AA Gill obituary
The Guardian, by Stuart Jeffries
The journalist AA Gill, who has died aged 62, less than a month after revealing he was seriously ill with cancer in his newspaper column, once shot a baboon during a Tanzanian safari. He described the killing in the Sunday Times in 2009. “I took him just below the armpit. He slumped and slid sideways. I’m told they can be tricky to shoot: they run up trees, hang on for grim life. They die hard, baboons. But not this one. A soft-nosed .357 blew his lungs out.”
Gill shot the animal, he wrote, “to get a sense of what it might be like to kill someone, a stranger. You see it in all those films: guns and bodies, barely a close-up of reflection or doubt. What does it really feel like to shoot someone, or someone’s close relative?”
The killing, and the way he wrote about it, prompted outrage from animal rights groups. He was unrepentant: “I know perfectly well there is absolutely no excuse for this,” he wrote. “There is no mitigation. Baboon isn’t good to eat, unless you’re a leopard. The feeble argument of culling and control is much the same as for foxes: a veil for naughty fun.”
Gill’s professional life was seemingly devoted to courting controversy as restaurant critic, travel writer and TV reviewer. In 2010, the Sunday Times disclosed he had been the subject of 62 complaints to the Press Complaints Commission in the previous five years, none of them upheld. In the same year, though, the press watchdog upheld a complaint against him made by Clare Balding. He called the TV presenter a “dyke on a bike” in a television review of her BBC4 programme Britain by Bike and compounded the hurt with a mock apology for previously saying that she looked “like a big lesbian”.
In 1998, he was reported to the Commission for Racial Equality for describing the Welsh as “loquacious, dissemblers, immoral liars, stunted, bigoted, dark, ugly, pugnacious little trolls” in the Sunday Times.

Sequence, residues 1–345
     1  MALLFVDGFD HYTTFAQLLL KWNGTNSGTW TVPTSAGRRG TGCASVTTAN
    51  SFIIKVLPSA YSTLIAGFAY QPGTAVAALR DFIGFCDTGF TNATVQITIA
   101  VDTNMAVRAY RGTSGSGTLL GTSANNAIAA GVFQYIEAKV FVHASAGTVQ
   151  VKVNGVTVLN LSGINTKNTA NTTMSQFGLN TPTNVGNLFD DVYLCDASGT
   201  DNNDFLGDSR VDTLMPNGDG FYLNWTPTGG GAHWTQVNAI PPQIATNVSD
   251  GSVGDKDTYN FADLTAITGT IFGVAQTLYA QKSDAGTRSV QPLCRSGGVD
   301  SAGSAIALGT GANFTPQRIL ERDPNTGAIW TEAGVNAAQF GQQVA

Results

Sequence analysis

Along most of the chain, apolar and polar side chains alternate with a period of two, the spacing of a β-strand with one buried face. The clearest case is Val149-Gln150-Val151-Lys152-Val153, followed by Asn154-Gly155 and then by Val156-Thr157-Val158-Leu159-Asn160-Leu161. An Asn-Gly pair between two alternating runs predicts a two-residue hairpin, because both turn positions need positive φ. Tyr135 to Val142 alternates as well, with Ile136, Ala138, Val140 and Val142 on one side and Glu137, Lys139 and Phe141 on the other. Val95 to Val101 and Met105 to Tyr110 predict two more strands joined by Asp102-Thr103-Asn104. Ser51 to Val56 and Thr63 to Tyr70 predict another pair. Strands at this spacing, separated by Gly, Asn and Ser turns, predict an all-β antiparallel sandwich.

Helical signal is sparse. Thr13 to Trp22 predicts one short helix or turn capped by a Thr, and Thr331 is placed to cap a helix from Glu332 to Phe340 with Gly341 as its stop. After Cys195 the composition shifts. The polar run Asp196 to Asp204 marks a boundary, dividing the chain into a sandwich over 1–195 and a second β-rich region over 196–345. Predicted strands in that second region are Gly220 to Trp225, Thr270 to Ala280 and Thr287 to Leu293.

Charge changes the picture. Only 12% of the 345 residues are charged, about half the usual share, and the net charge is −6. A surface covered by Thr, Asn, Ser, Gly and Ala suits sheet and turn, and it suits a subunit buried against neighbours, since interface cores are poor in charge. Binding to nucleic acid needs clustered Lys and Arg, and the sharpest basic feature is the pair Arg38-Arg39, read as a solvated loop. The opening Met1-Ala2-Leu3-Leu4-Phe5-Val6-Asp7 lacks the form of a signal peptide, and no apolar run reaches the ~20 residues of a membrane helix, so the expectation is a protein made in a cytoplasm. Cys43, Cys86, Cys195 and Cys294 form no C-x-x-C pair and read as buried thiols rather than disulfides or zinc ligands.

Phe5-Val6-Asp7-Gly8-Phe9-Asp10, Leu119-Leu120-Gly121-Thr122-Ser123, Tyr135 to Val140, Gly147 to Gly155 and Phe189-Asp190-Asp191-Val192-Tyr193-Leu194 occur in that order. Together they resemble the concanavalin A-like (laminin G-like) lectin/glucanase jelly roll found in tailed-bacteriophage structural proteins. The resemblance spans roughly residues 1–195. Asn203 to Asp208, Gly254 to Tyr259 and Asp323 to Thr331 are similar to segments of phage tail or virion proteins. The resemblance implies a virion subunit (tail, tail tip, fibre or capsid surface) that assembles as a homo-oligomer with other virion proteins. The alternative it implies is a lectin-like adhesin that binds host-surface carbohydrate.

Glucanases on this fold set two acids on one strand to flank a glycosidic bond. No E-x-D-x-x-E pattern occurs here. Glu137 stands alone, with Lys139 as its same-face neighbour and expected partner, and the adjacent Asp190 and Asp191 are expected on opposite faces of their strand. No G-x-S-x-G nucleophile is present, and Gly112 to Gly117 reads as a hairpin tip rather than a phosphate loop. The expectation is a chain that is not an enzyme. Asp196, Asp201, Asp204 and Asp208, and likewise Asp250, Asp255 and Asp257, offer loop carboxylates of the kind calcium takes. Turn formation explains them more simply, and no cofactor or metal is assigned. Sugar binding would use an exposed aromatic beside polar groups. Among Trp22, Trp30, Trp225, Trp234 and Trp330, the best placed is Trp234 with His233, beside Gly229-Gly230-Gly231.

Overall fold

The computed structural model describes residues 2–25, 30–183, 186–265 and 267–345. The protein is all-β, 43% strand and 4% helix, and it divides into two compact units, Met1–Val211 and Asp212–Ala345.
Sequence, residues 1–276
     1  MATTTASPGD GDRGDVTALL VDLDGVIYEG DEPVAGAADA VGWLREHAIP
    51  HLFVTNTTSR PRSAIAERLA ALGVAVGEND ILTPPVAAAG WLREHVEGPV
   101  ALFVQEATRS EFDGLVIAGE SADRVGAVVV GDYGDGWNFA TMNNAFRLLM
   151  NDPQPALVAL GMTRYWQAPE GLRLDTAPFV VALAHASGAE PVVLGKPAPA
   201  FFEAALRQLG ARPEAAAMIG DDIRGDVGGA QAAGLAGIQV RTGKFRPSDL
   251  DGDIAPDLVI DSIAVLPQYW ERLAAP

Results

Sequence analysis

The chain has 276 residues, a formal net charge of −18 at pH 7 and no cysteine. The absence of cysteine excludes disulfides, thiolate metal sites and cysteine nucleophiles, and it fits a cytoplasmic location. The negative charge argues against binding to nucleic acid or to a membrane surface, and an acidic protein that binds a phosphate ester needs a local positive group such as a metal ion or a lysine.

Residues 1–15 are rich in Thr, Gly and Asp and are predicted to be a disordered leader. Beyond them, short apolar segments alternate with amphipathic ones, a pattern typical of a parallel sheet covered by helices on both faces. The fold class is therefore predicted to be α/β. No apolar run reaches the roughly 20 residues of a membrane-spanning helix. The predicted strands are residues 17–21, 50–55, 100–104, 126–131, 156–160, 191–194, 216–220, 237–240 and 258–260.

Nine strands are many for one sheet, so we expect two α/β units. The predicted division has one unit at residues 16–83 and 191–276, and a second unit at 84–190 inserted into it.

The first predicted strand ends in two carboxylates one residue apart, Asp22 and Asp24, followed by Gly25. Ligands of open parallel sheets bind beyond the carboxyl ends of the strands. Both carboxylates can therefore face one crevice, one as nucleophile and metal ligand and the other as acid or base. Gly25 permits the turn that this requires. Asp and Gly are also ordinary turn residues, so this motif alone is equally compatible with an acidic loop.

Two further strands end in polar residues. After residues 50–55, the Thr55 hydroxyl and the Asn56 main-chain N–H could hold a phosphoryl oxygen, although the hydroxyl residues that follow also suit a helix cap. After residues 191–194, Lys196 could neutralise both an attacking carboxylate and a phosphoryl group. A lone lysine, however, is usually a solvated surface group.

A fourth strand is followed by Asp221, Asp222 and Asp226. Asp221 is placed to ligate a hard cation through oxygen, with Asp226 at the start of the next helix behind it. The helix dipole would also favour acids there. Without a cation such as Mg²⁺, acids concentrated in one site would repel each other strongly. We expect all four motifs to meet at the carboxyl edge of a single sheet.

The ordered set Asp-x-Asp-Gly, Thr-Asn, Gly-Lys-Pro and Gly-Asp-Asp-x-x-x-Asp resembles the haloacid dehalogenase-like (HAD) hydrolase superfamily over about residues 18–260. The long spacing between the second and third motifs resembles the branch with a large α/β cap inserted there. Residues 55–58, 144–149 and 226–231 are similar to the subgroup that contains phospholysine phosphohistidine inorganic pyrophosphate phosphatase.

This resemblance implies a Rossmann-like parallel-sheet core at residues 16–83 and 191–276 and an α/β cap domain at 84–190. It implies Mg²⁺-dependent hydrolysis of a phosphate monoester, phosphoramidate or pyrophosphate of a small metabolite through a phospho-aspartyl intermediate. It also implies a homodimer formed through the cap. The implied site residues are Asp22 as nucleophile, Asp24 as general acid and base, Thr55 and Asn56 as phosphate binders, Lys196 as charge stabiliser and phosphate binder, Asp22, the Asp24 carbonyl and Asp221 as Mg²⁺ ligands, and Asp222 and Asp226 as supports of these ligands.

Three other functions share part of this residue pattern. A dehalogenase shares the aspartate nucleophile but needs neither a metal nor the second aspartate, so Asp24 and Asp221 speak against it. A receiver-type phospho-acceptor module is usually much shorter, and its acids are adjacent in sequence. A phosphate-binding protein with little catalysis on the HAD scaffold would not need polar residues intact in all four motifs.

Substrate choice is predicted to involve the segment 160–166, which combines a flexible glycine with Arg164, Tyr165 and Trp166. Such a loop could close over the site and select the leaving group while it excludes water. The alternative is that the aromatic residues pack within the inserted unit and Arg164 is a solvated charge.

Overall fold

In 2006, during a review of a restaurant in Douglas, he described the Isle of Man as a place that had “fallen off the back of the history lorry to lie amnesiac in the road to progress … everyone you actually see is Benny from Crossroads or Benny in drag … The weather’s foul, the food’s medieval, it’s covered in suicidal motorists and folk who believe in fairies.”
A local politician called the review an “unacceptable and scurrilous attack”. In another article, Cleethorpes came in Gill’s crosshairs, inspiring the local police commissioner to describe Gill, not inaccurately, as “a tweed-suited, Mayfair-based writer whose only experience of the north of England was his visit to Cleethorpes and his regular trips salmon fishing in Scotland”.
If contempt and hatred were virtues, Gill was the most virtuous of men. “Hate is good,” the self-professed Christian wrote once. “Hate is fine.” In a 2012 review of Mary Beard’s TV documentary Meet the Romans, Gill wrote that the Cambridge professor “should be kept away from cameras altogether”, prompting Beard to retort that he was afraid of smart women.
He described actor Maureen Lipman as “lemon juice in the eye, she is chewing silver paper, she is a three-flush floater, sand in your socks and one blocked nostril”. In 2014, he won Hatchet Job of the Year for his review of the ex-Smiths singer Morrissey’s autobiography, which he described as “a cacophony of jangling, misheard and misused words … a sea of Stygian self-justification and stilted self-conscious prose”.
Many, though, admired his writing, among them his fellow journalist Lynn Barber, who wrote: “Gill is a wit and a charmer. Even when he’s wrong, he’s superbly full of himself.”
To be fair, he did have some good lines. He once critiqued Starbucks’ business model: “Asking Americans to make coffee is like asking them to draw a map of the world”. He denounced gastropubs: “Food and pubs go together like frogs and lawnmowers”. He skewered England’s heritage industry in a TV review: “Beautifully shot, impeccably paced, it was a clear, unrelenting look at the National Trust, its friends and enemies, and it makes you want to burn your passport and beg the Luftwaffe to have another go.”